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Google Scholar and New Wave Researchers

November 7, 2019

Commissioned by The Publishing Research Consortium, CIBER Research conducted the Harbingers Study, a 3-year longitudinal study of 100+ international Early Career Researchers (ECRs), defined as new wave researchers (junior, untenured, and postdocs). Not surprisingly they found ECRs are digital natives and possess millennial beliefs of openness, sharing and transparency. Social media and smartphone use looms large as well as “challenging the orthodoxy.”

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“Average number of papers per academic across five disciplines and three databases, July 2015.” Fig. 3. from Halevi, Moed, and Bar-Ilan (2017).

When it came to information discovery it confirmed the popularity of Google generally and Google Scholar specifically. “2 out of 5 ECRs use Google Scholar extensively for scholarly purposes.” The original study covered 7 countries (China, Malaysia, Poland, France, Spain, the U.K, and the U.S.).

A recently reported “interim finding” on ECR information seeking and finding based on the effort to expand the number of countries where ECRs are surveyed: 93% of ECRs in Russia are Google users and 72% actively use Google Scholar with “lower use by arts and humanities ECRs, however.”

What does this tell us?  Despite many enduring concerns, Google and Google Scholar are truly embedded in emerging scholarly research practice.

Dr. Alberto Martín-Martín, a new faculty member at the University of Granada who as a PhD student “spent a summer scraping Google Scholar’s database,” said in an interview published by Nature, “Google Scholar is one of the most used academic search engines in the world” and “Google Scholar contains valuable information that is not available from any other database, but it is impractical to rely on it for large-scale analyses” (Else 2018).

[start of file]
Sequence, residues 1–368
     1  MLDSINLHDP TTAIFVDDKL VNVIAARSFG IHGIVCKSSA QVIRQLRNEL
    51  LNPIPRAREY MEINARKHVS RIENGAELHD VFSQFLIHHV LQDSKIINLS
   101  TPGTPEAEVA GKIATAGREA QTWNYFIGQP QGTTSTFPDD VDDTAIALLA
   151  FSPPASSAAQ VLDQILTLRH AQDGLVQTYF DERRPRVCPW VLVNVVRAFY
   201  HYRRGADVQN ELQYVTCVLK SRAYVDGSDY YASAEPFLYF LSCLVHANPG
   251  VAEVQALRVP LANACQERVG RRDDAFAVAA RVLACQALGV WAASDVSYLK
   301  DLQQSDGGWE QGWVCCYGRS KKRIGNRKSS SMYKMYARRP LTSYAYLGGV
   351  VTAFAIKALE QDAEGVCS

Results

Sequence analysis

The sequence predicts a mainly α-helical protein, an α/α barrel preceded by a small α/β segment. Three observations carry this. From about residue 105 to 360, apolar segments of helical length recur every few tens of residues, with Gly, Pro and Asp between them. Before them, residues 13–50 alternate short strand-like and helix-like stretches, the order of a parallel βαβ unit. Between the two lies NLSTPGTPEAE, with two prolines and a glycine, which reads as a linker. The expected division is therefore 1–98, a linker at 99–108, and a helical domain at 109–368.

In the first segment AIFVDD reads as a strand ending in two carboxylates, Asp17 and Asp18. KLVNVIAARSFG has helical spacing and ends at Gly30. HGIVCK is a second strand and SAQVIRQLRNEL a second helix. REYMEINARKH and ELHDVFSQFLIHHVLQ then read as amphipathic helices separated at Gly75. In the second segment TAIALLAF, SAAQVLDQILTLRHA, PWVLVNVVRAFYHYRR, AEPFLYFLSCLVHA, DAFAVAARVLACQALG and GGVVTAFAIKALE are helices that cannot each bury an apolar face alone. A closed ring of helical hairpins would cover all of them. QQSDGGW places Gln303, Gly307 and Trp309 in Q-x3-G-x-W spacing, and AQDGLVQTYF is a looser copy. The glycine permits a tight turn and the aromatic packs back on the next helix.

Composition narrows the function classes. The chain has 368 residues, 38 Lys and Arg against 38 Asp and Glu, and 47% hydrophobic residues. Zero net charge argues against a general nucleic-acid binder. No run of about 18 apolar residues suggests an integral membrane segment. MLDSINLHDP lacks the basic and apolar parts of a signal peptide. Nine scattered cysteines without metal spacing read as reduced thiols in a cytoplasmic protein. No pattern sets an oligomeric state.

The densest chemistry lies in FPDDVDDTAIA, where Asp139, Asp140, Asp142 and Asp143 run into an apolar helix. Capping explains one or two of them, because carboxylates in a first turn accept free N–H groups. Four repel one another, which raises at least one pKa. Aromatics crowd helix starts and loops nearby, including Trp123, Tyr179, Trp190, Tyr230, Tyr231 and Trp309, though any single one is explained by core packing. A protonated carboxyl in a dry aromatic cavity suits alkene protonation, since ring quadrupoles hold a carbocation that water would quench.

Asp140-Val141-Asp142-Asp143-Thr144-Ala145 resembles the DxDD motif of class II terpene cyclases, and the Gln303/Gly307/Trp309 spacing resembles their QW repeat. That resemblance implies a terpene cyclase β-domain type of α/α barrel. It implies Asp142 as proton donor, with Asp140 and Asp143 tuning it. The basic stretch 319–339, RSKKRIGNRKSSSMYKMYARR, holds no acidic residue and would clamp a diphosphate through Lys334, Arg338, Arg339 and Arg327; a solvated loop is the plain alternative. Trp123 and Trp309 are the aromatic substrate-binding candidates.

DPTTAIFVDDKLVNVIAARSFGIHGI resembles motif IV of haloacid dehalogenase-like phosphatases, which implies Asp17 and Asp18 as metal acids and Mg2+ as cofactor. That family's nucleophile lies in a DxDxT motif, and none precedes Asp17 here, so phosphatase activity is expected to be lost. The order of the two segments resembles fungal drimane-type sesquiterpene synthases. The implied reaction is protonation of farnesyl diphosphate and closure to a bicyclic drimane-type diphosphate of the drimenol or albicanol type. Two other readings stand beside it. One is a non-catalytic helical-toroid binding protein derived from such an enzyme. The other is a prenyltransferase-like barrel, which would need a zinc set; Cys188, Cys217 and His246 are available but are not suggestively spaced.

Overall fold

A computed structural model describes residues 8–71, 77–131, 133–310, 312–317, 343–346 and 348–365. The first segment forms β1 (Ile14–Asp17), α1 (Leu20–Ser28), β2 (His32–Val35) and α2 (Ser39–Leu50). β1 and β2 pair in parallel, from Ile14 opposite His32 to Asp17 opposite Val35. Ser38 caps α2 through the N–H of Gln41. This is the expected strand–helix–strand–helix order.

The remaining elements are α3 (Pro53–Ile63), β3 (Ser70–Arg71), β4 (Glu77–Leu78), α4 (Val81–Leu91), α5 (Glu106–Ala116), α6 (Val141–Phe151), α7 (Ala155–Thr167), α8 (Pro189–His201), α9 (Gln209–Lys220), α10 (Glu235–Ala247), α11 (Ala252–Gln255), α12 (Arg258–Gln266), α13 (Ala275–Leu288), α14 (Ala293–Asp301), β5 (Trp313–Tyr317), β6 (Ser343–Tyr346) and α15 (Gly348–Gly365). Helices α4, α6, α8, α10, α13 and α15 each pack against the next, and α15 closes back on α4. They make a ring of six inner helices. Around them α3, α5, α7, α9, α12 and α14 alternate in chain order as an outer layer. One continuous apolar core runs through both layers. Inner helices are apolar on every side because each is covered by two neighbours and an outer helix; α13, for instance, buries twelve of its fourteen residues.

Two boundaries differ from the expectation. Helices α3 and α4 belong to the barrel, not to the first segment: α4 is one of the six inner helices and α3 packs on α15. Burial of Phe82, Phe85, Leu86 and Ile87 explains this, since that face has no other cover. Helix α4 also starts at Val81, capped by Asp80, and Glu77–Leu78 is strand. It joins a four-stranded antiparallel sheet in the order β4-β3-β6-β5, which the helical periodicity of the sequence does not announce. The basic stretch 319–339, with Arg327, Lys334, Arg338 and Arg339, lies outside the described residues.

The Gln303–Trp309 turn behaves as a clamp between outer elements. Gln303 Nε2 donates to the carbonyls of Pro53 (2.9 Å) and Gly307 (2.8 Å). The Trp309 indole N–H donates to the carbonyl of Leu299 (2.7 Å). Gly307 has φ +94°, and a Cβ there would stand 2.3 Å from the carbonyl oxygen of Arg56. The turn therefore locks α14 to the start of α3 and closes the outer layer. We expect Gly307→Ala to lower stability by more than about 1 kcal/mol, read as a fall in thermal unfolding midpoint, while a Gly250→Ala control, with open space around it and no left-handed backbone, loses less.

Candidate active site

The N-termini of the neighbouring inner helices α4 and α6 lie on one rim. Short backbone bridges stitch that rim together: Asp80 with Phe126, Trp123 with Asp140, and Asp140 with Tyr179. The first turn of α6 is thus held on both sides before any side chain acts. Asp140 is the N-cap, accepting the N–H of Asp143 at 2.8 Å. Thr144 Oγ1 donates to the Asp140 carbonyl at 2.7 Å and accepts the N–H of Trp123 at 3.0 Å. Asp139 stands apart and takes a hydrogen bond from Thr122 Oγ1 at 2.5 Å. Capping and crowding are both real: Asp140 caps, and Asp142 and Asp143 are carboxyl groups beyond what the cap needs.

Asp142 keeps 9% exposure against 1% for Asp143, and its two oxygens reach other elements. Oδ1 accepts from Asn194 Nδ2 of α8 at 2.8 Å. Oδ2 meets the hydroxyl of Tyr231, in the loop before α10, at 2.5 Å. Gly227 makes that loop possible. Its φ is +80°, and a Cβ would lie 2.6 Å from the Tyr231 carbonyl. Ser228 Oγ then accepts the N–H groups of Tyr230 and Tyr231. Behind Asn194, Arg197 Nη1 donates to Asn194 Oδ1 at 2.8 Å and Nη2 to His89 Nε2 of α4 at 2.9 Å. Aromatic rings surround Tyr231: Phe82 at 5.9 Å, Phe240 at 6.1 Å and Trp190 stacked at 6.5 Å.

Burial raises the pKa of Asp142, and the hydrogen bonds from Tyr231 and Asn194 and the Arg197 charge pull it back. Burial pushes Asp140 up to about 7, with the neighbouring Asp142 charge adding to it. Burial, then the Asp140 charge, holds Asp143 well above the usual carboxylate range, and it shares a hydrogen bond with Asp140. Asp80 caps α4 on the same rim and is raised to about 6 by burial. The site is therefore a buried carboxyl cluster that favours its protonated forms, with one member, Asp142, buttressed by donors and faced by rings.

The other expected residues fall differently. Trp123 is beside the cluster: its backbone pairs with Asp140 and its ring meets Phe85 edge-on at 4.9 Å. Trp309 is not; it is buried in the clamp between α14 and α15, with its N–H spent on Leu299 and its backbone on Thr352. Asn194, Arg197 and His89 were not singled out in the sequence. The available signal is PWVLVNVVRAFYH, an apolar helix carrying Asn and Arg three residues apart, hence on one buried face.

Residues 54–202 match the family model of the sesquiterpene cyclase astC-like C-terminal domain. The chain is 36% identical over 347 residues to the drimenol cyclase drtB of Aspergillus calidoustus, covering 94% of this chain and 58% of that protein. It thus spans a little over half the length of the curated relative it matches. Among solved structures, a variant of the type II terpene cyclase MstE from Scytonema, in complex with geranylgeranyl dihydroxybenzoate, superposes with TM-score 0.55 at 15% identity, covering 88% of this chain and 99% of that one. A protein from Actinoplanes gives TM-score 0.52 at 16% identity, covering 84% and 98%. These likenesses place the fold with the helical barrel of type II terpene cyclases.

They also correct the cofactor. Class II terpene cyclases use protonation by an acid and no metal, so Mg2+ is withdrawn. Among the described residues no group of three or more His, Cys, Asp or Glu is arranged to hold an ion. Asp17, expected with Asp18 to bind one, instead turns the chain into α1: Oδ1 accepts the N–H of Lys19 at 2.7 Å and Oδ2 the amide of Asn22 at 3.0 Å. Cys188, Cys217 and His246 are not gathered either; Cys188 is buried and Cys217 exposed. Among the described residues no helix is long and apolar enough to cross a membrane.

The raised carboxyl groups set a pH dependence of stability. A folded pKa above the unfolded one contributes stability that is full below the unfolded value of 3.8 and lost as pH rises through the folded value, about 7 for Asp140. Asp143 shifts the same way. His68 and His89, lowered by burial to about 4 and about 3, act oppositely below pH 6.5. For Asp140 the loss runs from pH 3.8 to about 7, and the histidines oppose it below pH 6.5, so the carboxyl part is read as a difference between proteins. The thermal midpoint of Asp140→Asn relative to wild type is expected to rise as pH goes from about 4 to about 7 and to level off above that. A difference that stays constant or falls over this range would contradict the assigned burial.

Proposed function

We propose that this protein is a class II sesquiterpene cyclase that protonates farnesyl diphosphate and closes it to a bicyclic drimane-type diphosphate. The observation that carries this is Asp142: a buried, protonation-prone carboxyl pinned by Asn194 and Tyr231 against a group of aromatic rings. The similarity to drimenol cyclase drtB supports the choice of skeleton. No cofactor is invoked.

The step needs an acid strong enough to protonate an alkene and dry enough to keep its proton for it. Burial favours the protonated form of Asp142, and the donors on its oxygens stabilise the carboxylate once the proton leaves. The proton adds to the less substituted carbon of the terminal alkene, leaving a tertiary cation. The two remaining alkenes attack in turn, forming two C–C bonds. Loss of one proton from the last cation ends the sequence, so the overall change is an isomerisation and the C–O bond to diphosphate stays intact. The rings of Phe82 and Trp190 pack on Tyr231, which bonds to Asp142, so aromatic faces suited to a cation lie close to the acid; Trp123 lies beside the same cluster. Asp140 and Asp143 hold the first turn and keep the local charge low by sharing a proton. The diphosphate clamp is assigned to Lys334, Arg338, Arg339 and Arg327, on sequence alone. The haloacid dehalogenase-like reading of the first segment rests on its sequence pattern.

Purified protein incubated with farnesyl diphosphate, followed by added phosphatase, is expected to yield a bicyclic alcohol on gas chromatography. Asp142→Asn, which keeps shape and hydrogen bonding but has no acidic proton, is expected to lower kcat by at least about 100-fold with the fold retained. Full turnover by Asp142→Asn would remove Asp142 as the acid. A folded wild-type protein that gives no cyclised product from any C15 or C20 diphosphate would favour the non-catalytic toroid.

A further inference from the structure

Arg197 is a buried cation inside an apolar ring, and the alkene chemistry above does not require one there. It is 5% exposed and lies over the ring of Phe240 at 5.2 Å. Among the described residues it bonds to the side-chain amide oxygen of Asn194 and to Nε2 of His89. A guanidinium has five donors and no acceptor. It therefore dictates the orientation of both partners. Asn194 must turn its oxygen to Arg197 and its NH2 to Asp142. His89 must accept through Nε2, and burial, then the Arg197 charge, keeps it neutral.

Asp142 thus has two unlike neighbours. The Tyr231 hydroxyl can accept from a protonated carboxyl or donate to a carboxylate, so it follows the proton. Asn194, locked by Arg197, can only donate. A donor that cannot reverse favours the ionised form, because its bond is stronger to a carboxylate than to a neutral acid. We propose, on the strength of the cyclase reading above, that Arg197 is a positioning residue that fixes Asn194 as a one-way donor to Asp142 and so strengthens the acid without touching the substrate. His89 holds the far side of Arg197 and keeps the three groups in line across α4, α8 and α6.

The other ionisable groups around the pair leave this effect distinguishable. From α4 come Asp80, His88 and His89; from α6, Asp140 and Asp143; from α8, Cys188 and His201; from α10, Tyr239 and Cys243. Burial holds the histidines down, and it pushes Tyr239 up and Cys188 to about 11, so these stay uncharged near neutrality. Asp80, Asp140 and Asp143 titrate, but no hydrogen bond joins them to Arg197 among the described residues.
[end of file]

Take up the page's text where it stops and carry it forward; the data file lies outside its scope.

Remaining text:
The basic issues with Google Scholar highlighted by Halevi, Moed, and Bar-Ilan (2017):

  • Google Scholar is constantly expanding and includes publishers content as well as content not available in controlled databases.
  • Google Scholar provides citations counts that are broader than those covered by controlled databases.
  • Google Scholar should be used with controlled databases especially when clinical information retrieval is required.
  • Google Scholar is challenging when advanced searching is required.
  • Google Scholar does not support data downloads and therefore is difficult to use as a sole bibliometric source.
  • Google Scholar lacks quality control and clear indexing guidelines.

 

Else, Holly. “How I scraped data from Google Scholar: A researcher explains how — and why — he spent a whole summer harvesting information from the platform, which is notoriously hard to mine.” News Q&A. Nature (11 April 2018). https://www.nature.com/articles/d41586-018-04190-5

Halevi, Gali, Moed, Henk, and Bar-Ilan, Judit. “Suitability of Google Scholar as a source of scientific information and as a source of data for scientific evaluation—Review of the Literature.” Journal of Informetrics 11.3: 823-834 (2017). https://doi.org/10.1016/j.joi.2017.06.005.

Nicholas, David, et al. Early Career Researchers: The Harbingers of Change? Final Report. CIBER Research, Nov. 2018. http://ciber-research.eu/download/20181218-Harbingers3_Final_Report-Nov2018.pdf

Nicholas, David, and Tatiana Polezhajeva. The scholarly communication attitudes and behaviour of Early Career Researchers (the new wave of researchers): An international survey. Presentation, 7th NEICON International Conference, Sept. 2019. http://ciber-research.eu/download/20190923-ECR_Crete.pdf

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